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Eye problems :-(

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Tormé

Jazz Wolf
 
 
Barked: Wed Apr 9, '08 9:26am PST 
Hey guys! New here, and I just got rescued. I was in a kill shelter and taken out for a week with a family that had another husky and brought back, they said I don't get along with others. I'm with a new family now that really cares and I really do get along with others!

Anyway, I'm an all white male, blue eyes, probably 2 years old, no more than 3. My right eye is always dilated though. When I was taken to the vet on my first day home my owner asked him about this. He looked in my eye, saw there was some retina damage, but said he can't tell the extent of the problem, or how much I can see in that eye.

My owner's sister is pre-vet and sent him this link:
http://www.petplace.com/dogs/anisocoria-in-dogs/page1.aspx

He's scared now because anisocoria looks to be the first sign of really severe stuff. But there's nothing wrong with me right now, and the vet didn't mention any tests. Have you guys had this problem before? Is this curable? My owner would love to be able to run all those tests on me but he's not a millionaire.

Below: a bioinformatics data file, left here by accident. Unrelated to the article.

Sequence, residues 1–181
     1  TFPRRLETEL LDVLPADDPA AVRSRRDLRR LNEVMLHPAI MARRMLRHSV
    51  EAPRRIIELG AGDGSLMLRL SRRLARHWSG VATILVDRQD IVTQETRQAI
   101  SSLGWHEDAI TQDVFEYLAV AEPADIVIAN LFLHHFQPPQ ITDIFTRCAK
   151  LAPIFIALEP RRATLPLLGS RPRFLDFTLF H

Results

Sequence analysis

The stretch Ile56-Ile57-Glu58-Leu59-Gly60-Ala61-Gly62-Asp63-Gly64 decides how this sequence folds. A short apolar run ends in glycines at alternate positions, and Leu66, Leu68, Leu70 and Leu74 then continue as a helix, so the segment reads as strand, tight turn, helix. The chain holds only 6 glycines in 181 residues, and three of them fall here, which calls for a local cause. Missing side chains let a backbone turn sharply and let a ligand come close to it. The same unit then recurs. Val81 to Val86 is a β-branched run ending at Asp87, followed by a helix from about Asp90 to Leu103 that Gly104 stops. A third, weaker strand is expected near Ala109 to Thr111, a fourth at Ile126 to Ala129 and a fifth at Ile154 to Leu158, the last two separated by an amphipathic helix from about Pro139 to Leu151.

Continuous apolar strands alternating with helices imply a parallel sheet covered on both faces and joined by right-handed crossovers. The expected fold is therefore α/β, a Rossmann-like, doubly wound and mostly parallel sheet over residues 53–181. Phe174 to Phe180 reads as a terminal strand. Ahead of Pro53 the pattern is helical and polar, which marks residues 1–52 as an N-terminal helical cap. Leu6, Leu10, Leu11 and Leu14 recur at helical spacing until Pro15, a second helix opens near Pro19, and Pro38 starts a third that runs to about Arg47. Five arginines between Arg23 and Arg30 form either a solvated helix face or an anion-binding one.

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Member Since
12/08/2011
 
 
Barked: Thu Dec 8, '11 7:21pm PST 
Hi,
I know your post was a very long time ago....but I was searching because I have a very similar story. I recently adopted a siberian husky, and just noticed this problem. I was wondering what ended up happening in your case?
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Vance CGC

You kids g'off- my lawn!
 
 
Barked: Sun Dec 11, '11 2:55pm PST 
If your dog is having eye problems, you need to see a veterinary ophthalmologist. Eyes are a complicated organ that can present with a myriad of issues. Regular vets need to know basic information about every bit of a dog's (and cat's, ferret's, rabbit's, depending on the vet bird's, lizard's) body and how to treat them. It simply isn't possible for a general vet to be a general vet and also specialize in eyes. In the same way that you don't go to your general physician to get your eyeglasses prescription updated.

That being said, there are vets out there who do not acknowledge the limits of their education. A good vet will tell you when the issue is outside of their expertise, but a vet with a chip on their shoulder will misdiagnose based on their limited knowledge, or tell you they don't see a problem so nothing is wrong.
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